Iran Vs. the world? Who can save whom?


Iran Vs. the world? Who can save whom?
by oktaby

In the post Soviet, post U.S., G-XX and BRIC (Br, In, China) era there is little room for ideology. Indeed looking at the G-20 press release, one wonders why they met since the only noticeable item is reiteration of the commitment to help global recovery.

This is good if you believe that economic well being of the masses (about 1/2 of Earth's population) shold be the main objective. Regardless of the 'moral' implications of this approach, that is bad news if you are Iranian (inside Iran), Burmese (Myanmar), Iraqi and a few other countries and regions, albeit for different reasons. The world will no longer support you based on human rights or any other non-economic consideration.

Welcommmmmme... to the machine. Pinning hopes on a 'better' world based on this emerging 'order' makes for a warm fuzzy feeling but as the Chinese say, be careful what you wish for. Look at the track records of each of those nations and you notice the spotty pasts.

Meanwhile, U.S. is no longer in the power seat. The overplay of U.S. military might exemplified by Bush Jr. is now balanced by a relatively quiet underplay. Europeans have no interest in pushing democratic agenda and glad to maintain their relatively stable setup for now.

The net effect is a world that only understands pure economic contexts. Of course, one could argue that has always been the case. But now without any umbrellas and guises of Human Rights, democracy, etc. Certainly, there is a significant part of the world, that has never experienced freedom and never will. One could further argue that here in America we barely have a democracy.

The G-xx, BRIC, U.S., Russia and the rest are all increasingly driven by internal economic interests, controlled by fewer and fewer individuls and entities representing a smaller percentage of their populations. Rothkopf elaborated it nicely in a mid 2008 // article.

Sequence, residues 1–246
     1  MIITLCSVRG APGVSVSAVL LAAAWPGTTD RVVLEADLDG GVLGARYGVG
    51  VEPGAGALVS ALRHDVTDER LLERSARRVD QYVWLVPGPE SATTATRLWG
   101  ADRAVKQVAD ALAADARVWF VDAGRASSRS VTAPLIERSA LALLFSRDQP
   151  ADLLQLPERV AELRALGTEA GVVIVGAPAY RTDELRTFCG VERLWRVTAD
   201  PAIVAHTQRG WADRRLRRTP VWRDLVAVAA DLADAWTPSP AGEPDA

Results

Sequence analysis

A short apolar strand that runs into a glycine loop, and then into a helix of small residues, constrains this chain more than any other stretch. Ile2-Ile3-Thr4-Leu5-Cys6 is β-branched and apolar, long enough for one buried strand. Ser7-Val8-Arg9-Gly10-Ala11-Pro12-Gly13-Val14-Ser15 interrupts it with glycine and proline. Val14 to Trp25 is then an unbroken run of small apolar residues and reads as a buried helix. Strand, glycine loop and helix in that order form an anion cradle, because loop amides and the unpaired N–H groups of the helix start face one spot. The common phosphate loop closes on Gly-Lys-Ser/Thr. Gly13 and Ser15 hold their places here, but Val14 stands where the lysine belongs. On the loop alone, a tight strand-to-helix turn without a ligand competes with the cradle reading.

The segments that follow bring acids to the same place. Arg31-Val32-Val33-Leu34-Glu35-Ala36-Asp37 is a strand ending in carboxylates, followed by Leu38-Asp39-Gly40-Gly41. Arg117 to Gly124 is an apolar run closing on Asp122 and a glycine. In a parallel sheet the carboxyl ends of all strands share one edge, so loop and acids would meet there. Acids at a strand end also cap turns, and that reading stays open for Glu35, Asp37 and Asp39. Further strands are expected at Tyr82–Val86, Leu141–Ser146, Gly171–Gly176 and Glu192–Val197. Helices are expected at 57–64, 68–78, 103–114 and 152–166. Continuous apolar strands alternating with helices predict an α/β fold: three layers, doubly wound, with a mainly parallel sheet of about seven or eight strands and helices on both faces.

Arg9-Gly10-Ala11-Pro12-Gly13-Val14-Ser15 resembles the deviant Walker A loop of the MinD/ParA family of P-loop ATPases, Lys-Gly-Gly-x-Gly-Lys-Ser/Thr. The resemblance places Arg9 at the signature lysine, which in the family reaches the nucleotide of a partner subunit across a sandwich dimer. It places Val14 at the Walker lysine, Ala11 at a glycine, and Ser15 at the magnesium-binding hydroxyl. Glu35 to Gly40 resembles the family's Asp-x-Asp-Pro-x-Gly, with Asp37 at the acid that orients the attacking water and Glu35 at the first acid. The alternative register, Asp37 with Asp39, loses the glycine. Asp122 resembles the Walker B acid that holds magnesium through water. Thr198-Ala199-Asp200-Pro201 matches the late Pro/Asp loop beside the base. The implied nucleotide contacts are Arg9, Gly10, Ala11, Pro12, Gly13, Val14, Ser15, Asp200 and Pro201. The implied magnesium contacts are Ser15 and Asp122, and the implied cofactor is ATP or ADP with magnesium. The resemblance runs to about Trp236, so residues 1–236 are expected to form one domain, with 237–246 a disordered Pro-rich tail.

Post global finacial crisis, we have all inherited a world that is run by essentially the same institutions as before but fewer of them (never mind the Keynesian vs. Friedman sideshow). The 20 or so key wall street key players are now cut to half controlling the same and even larger asset pools. Sound familiar?

None of this is good news for Iran. Alas, Iranians will need to fight to the bitter end if we are to see a resemblance of normalcy in Iran as we don't seem to have the Feng Shui and odds are stacked heavily against us. In a strange twist of faith we are at historical crossroads not just for Iran but for the world. The braves fighting in streets of Iran are fighting for freedom from islamic tyranny but unwittingly and possibly aware that they are the bleeding edge of a much larger war that is ideological at its core. Perhaps Iranians can save the world from itself in process of saving our heritage and Khake Pake Iran.

Now pick up your thoughts, ideas, voices, pens, recorders, youtube... and as the war takes shape, fight any little battle you can for Iran.


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Darius Kadivar


by Darius Kadivar on

Latest Article By Reza Pahlavi the Former Crown Prince of Iran: 

Supporting the people is the best route to blocking Iran's Bomb, says Reza Pahlavi (

"By supporting the Iranian people and their struggle for human rights, by elevating the importance of their liberties, the West will find its greatest ally on the nuclear issue. Empowering the opposition movement will encourage and prolong internal dissent, and sustaining that internal unrest is the key to cracking the clerical code.

While sanctions can in fact prove to be a useful tool in the shed of diplomacy, they result in the suffering of a nation's citizens, victimising the innocent many for the sins of the stubborn few. For sanctions to truly be effective in Iran, human rights have to be put on equal footing with the nuclear concern. Many of my Iranian compatriots have indicated to me that they would be willing to add to their hardships in the short term only if they believe that sanctions will curtail the lifespan of clerical oppression and cure their want of human rights."



Recommended Reading:

REZA's CALL: An Iranian Solidarnosc by Darius KADIVAR